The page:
Throughout his nearly 15 years in the music business, Jack White has made no secret of his love for the old-fashioned, pre-digital age ways of life, whether it be analog recording, vinyl or—in this case—the camaraderie and community that comes with visiting a local record store.
As part of his initiation as the 2013 Record Store Day ambassador, White—who operates his own independent record store, Third Man Records in Nashville—released a humorous three-minute video in which he gives a tour of Nashville’s vinyl pressing plant United Record Pressing. White spends much of the video discussing several conspiracy theories involving the the Masons, the NBA and the recent string of asteroids. Not that you’d catch the details anyway — the loud machinery White pasts by creates huge gaps in his ranting.
On a more serious note, White also put out a statement encouraging today’s tech-obsessed generation to “wake each other up” and start living life beyond the comfort of their computer or mobile device screens.
“Getting out of your chair at home to experience something in the real world has started to become a rare occurrence, and to a lot of people, an unnecessary one,” White begins. “Why go to a bookstore and get a real book? You can just download it. Why talk to other human beings, discuss different authors, writing styles and influences? Just click your mouse.”
White then proceeds to express his issues with this mindset.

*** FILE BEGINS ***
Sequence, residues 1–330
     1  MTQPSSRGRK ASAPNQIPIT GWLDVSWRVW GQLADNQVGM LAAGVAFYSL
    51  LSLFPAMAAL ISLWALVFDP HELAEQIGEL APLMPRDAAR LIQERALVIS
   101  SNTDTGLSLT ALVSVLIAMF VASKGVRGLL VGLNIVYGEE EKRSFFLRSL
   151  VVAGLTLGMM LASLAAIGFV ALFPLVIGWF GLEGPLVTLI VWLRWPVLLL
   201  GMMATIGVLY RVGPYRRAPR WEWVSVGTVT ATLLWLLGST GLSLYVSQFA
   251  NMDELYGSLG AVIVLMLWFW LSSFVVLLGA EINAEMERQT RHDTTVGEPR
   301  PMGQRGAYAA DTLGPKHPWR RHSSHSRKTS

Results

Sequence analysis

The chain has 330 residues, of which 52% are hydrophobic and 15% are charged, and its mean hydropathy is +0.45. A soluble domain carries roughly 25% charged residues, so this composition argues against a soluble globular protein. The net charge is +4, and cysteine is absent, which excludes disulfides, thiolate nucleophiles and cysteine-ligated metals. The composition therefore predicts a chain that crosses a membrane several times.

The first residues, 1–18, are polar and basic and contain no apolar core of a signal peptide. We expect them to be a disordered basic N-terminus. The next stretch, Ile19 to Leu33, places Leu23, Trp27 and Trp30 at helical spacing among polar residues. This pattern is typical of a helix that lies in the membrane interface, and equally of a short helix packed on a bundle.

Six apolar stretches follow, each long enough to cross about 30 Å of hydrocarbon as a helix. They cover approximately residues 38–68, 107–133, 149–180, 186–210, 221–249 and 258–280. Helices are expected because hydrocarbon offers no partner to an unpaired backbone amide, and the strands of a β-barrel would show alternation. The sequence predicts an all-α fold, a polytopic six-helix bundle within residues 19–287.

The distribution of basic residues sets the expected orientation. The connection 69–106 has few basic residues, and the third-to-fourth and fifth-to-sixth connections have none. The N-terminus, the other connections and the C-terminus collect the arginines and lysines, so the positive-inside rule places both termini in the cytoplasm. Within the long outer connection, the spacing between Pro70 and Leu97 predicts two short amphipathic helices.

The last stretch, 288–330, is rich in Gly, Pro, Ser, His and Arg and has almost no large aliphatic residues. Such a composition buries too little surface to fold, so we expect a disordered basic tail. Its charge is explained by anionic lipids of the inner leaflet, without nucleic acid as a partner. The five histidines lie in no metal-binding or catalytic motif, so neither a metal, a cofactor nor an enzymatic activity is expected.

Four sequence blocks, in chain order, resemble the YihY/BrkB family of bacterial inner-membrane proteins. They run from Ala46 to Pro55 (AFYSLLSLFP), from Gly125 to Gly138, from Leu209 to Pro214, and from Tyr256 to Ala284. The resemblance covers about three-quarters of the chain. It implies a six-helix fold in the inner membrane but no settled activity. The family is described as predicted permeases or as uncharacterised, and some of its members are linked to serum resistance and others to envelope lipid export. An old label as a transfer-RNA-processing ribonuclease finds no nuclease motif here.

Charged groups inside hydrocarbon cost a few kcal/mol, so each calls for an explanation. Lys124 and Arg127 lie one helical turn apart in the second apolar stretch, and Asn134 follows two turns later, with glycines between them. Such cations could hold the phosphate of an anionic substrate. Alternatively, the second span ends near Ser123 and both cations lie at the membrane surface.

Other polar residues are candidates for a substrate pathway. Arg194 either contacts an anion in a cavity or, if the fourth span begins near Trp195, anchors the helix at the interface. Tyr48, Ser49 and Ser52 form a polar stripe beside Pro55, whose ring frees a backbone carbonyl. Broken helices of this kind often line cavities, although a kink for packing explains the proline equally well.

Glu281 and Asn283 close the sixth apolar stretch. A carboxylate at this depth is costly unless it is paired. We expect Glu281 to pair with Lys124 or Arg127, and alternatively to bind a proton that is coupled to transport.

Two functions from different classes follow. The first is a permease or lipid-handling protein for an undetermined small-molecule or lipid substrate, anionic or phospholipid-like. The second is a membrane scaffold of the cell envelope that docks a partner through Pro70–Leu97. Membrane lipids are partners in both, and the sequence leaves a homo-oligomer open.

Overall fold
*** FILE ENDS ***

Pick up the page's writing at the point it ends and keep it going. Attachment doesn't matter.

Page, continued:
“There’s no romance in a mouse click. There’s no beauty in sitting for hours playing video games (anyone proud of that stop reading now and post your opinion in the nearest forum). The screen of an iPhone is convenient, but it’s no comparison to a 70mm showing of a film in a gorgeous theater. The Internet is two-dimensional
helpful and entertaining, but no replacement for face-to-face interaction with a human being. But we all know all of that, right? Well, do we?”
For White, the exchange of ideas that comes with day-to-day interaction is a force that needs to be preserved and encouraged at all costs.
“The world hasn’t stopped moving. Out there, people are still talking to each other face-to-face, exchanging ideas and turning each other on. Art houses are showing films, people are drinking coffee and telling tall tales, women and men are confusing each other and record stores are selling discs full of soul that you haven’t felt yet. So why do we choose to hide in our caves and settle for replication? We know better. We should at least.”
The full statement can be read here.